New York Post
City Council Speaker and mayoral frontrunner Christine Quinn wants to play Santa Claus and give every New York City school kid an iPad to replace their textbooks. It’s a billion-dollar boondoggle and the wrong way to spend scarce resources.
With less than a third of the city’s public elementary- and middle-school students passing the latest math and reading tests, New York needs a much smarter approach.
Like countless other politicians in recent decades, Quinn has fallen prey to “shiny object syndrome” — investing in educational technology without a real plan to drive achievement.
Start with the small holes: Quinn says her plan is a “cost-neutral” switch from textbooks, which run about $100 million a year, to iPads for every student. Sorry, this wildly underestimates the real cost of such education technology.
The second-largest US school district, Los Angeles Unified, is budgeting $800 per pupil for a similar initiative. Why? Schools will need wireless Internet installed, and pay staff to keep it and the iPads working. Add in the cost of replacing broken and stolen devices, and the price rises even higher. (Another school district had the foresight to sign “do not purchase” agreements with every area pawn shop before issuing laptops.)
When you consider these maintenance and replacement expenses, giving each of the city’s 1.1 million students an iPad won’t cost $100 million, as Quinn assumes, but likely more than a billion.
But the cost obstacles are surmountable; the far greater problem is that Quinn wouldn’t get the bang for the buck that the city schools need. Her plan lacks vision; it would just swap out textbooks for quickly obsolete technology.
Over the past decade, local, state and federal outlays to equip classrooms with technology has cost American taxpayers over $100 billion — to no discernible effect when it comes to test scores or graduation rates. What’s missing? A strategy to integrate the technology into core instruction.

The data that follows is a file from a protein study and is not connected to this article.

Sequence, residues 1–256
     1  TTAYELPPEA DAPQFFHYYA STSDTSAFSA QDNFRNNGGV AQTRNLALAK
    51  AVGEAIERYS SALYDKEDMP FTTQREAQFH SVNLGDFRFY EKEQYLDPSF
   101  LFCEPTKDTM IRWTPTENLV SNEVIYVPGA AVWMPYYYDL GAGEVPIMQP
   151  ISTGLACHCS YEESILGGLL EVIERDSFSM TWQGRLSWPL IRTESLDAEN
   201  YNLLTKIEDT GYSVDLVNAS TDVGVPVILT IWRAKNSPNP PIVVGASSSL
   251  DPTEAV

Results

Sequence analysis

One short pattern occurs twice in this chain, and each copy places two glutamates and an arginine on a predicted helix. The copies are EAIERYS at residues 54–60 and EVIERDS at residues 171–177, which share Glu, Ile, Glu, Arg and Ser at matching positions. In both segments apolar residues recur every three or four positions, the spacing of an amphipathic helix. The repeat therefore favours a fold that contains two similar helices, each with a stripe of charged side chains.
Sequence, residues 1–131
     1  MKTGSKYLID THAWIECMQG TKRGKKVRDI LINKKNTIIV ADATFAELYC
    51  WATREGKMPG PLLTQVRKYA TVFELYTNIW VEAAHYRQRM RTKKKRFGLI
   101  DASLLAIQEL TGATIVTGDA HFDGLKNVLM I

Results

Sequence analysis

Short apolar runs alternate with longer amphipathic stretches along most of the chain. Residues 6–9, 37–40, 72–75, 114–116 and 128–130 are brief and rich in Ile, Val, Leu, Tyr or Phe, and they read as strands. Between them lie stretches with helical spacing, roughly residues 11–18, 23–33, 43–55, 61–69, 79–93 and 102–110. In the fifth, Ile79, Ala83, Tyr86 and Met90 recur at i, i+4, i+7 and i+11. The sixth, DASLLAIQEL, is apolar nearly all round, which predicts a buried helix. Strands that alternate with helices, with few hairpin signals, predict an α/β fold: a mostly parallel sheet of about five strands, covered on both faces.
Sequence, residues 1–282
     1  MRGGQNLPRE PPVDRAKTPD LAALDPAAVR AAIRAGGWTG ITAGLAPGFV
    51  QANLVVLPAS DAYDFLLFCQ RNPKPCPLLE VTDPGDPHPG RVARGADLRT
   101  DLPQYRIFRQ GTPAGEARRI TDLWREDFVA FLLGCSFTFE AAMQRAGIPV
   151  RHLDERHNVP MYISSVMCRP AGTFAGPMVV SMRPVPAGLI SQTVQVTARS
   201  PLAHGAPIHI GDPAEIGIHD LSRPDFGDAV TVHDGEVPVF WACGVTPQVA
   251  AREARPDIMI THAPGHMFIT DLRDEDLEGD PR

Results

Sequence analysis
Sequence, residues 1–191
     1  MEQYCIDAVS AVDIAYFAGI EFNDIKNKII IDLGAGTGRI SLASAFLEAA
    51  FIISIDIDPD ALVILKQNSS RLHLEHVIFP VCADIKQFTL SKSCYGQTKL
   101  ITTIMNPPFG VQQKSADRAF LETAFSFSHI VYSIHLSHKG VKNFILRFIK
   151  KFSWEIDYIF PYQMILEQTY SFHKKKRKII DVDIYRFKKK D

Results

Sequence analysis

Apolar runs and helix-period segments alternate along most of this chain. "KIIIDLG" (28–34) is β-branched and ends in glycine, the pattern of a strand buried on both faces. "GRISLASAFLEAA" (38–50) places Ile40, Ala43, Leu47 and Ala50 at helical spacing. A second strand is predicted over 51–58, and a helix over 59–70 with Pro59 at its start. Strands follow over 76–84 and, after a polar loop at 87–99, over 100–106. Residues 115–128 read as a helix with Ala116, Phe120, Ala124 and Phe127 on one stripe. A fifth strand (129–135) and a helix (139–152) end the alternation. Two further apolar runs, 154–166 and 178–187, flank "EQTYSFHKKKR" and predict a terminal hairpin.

Rather than shelling out for very expensive and gimmicky technology alternatives like iPads, schools need to change their instructional practices to customize student learning based on data and offer students more opportunities for diverse course and content offerings.
One option is to offer remote classes by expert university professors, a k a Massive Online Open Courses. Students with advanced interest in higher-order math or Ancient Greek philosophy could have access to content produced across the globe.
But the bigger sea-change is the technology known as “blended learning,” using software to customize and direct learning based on each student’s needs, so that he or she gets the right lesson at the right time.
Done right, blended learning lets teachers use timely and accurate student data to deliver targeted lessons. The approach flags the fact that, say, Johnny hasn’t learned fractions, and provides clear options for different lessons that can do the trick. It’s a vital aid to teachers, who are so often overwhelmed with the data- and classroom-management parts of their job.
The results have been astounding. High-quality blended-learning schools like inner-city Los Angeles’ KIPP Empower are outpacing their peers, especially the ones serving historically underperforming groups.
Blended learning and online courses have another benefit — they can be offered at a lower cost than traditional schooling. With New York City schools already under severe budget pressure, the ability to reduce per-pupil costs while delivering high achievement and enrichment is a win-win for taxpayers.
For taxpayers and students in New York City, investing in a real technology plan, not a billion-dollar iPad binge, would produce real value.
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